ChoppinDs40
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RGRAg1/75 said:

ChoppinDs40 said:

mel99 said:

Why not complete the pool now? My neighbor just put a pool in and it totally destroyed their yard. You'll have to redo sprinkler system, ect. I think it's easier to do before landscaping is complete.
the builders i'm looking at repair all of that and we'll probably be rolling in landscaping as well.

Not ready to drop the coin on a pool right now that we won't be able to use for 4 months after we move in.

Maybe I misunderstood, but I thought you said "almost enough cash at closing" to go now. I'd think strongly about doing it with the build. The only reason we waited was to make sure all the littles were big enough not to stress us out constantly. The cost to re-do irrigation and new landscaping was A LOT more than I anticipated. If you think you'll be doing it by next summer, do it with the build. Will save you a few K at least, won't be an eyesore or disruptive when they're shooting gunnite at 0545 on a Saturday, and you'll be able to use it sooner than you think if you're in TX.

We just finished and our pool contractor is backlogged for 8-12 weeks now due to COVID (several crews have the virus). We started at just the right time. The planning and contractor selection alone took 6 weeks. Just some additional things to consider.
I hear ya. We're not up for that right now. The building process has been stressful enough and we haven't even had our builder's meeting yet or broken ground.

I really think we want the house to be done, get a feel for the size of our yard, finish out our outdoor kitchen and get the house furnished.

I get building doing it now saves some money but that's just out of the question. Our new neighborhood has a sick community pool (Jerruh Jones development) so it's not like we'll be without. Little'un will just have turned 1 when we move in so we need to get her in swim lessons next summer.
nhamp07
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I would do the pool now for all the reasons mentioned.
Corps_Ag12
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Location? I assume Dallas County w the Jerry Jones comment.
ChoppinDs40
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Collin County

Prosper
Diggity
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If you know you want the pool and you can afford the pool, do it now. Building it in 6-12 months would be silly.

Garrelli 5000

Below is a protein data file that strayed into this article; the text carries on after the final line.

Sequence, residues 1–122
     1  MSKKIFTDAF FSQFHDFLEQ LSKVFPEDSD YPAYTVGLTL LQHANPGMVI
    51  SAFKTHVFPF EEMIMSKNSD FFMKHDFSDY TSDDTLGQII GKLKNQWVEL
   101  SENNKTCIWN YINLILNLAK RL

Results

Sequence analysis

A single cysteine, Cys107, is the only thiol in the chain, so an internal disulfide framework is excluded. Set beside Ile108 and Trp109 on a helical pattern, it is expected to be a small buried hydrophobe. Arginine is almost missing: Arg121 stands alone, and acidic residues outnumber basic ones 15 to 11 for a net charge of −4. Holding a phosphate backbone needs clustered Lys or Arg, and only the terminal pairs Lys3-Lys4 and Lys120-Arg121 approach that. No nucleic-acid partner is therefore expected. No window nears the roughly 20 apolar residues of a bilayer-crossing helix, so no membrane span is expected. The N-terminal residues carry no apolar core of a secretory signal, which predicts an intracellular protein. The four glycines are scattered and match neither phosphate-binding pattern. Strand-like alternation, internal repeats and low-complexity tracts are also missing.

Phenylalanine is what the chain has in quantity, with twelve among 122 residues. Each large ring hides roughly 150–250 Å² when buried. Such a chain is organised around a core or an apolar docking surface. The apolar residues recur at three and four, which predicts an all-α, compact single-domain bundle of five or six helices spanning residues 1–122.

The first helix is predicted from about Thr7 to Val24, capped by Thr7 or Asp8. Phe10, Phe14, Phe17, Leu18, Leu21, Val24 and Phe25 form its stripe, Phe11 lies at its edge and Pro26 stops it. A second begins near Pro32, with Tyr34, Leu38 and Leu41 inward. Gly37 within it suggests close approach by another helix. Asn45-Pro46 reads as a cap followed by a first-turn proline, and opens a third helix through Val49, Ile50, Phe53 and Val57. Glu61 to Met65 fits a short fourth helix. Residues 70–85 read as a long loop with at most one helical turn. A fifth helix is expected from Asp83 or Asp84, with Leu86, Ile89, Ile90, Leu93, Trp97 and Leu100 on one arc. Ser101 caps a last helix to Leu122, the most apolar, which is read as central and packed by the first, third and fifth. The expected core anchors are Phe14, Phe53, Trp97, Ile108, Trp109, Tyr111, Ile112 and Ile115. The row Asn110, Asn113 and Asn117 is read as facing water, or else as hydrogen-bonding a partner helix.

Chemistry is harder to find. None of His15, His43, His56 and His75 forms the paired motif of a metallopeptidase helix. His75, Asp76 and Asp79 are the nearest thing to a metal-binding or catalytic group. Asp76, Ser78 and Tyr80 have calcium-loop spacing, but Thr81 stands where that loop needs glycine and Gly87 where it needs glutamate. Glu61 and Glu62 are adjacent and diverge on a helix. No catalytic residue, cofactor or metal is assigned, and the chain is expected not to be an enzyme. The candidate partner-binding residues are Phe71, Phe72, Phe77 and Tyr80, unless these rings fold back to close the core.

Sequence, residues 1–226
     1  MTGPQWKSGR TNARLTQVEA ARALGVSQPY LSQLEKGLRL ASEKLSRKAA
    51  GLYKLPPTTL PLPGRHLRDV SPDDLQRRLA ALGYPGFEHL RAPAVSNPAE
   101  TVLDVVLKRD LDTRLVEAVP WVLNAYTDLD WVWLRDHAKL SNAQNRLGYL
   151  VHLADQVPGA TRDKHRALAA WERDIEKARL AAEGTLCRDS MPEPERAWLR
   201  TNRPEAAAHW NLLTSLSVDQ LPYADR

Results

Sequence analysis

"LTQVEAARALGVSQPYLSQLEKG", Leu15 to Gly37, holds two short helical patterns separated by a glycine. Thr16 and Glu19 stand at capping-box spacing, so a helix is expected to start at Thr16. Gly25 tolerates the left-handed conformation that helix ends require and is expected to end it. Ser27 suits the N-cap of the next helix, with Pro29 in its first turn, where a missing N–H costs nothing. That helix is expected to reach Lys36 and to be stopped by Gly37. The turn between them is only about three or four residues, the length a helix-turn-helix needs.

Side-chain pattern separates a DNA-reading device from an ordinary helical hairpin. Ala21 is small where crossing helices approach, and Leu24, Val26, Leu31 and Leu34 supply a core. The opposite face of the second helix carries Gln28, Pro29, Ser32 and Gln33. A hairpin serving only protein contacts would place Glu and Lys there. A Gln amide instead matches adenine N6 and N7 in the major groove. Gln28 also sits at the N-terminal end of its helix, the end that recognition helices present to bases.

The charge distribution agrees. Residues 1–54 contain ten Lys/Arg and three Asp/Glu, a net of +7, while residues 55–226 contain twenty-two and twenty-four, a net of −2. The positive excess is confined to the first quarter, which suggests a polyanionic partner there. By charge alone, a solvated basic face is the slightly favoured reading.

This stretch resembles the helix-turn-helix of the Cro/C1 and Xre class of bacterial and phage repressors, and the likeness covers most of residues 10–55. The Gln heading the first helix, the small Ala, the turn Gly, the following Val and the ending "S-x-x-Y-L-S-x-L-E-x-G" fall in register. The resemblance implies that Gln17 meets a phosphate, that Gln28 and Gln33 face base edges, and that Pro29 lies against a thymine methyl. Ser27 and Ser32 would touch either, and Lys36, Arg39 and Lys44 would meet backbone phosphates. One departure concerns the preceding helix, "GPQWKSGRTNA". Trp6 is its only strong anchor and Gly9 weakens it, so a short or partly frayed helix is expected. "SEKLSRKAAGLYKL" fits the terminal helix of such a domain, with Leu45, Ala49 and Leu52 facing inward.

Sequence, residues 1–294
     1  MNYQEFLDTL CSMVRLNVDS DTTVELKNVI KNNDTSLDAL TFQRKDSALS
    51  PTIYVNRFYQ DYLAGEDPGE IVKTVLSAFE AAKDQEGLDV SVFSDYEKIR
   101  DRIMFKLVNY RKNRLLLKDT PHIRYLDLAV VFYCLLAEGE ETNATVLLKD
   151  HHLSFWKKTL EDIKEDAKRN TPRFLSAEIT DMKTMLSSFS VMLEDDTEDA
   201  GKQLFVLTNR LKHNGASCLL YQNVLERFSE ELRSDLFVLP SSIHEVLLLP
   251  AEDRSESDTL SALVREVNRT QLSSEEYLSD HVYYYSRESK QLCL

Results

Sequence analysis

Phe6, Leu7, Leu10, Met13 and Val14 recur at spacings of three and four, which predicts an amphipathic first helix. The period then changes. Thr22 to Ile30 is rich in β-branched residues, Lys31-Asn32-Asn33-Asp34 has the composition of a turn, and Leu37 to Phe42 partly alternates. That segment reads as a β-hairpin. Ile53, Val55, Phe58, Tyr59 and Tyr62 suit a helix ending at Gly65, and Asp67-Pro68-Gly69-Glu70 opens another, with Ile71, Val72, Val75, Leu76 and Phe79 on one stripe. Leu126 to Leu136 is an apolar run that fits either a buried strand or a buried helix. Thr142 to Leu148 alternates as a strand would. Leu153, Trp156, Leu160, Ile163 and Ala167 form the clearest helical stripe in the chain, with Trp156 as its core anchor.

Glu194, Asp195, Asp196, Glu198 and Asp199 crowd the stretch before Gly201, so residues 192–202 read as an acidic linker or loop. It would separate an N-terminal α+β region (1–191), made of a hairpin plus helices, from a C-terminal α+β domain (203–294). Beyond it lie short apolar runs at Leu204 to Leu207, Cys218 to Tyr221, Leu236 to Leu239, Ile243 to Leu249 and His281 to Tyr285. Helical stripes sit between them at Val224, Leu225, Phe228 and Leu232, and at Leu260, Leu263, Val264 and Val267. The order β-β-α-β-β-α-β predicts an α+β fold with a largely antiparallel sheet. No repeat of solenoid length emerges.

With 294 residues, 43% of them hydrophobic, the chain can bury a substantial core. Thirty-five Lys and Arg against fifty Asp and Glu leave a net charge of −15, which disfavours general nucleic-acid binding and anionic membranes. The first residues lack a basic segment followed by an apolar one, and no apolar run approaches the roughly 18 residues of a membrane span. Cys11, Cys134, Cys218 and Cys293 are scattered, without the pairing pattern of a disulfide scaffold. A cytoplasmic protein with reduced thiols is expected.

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We built our pool simultaneously with the home. It was scary because we had to pay the home builder 100% of the cost of the pool up front and they then paid the pool company. This amount also was considered part of the home contract, so appraisal time was scary as well. We were fortunate that we were putting enough down relative to the total value of the contract that it didn't matter, but that doesn't mean we didn't have some sleepless nights. This was a 'cash' transaction as we didn't want a pool loan on our credit when time to get the mortgage.

Those are the cons to doing both at the same time and obviously the cash up front is the most difficult challenge.

Pros:

1. your home builder will make sure the land is graded properly with the pool in place. If you build a pool starting the day after you close on the home, you'll void any warranty claims on lot drainage. This includes getting your sprinklers right the first time and not having to re-engineer later.

2. You don't live w/your yard turned upside down for X months.

3. Depending on your lot, access to the backyard may be much easier before your home (and neighboring homes) are complete - this can save money on pool construction.



Medaggie
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I vote for doing the pool now. If you try to time it to be used when swimming seasons hit, then you will definitely miss it and possibly completely miss it when its done by late fall. Nothing about building esp swimming pools are on time.

Plus, people forget that the construction noise, mud, debris, delays will drive your family nuts esp with no place for your then 2-3 yr old to play.
DannyDuberstein
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Can it even be done "now"? Pool companies are totally swamped with work. I think this house may be done before it can go in anyway. I'm in Collin county too and thought I'd heard that contracts done now around here aren't getting built until 2021
Ulrich
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At least design the house/yard/sprinklers/utilities/pool with the home design. Could save you a lot of money and hassle even if you wait for the actual construction.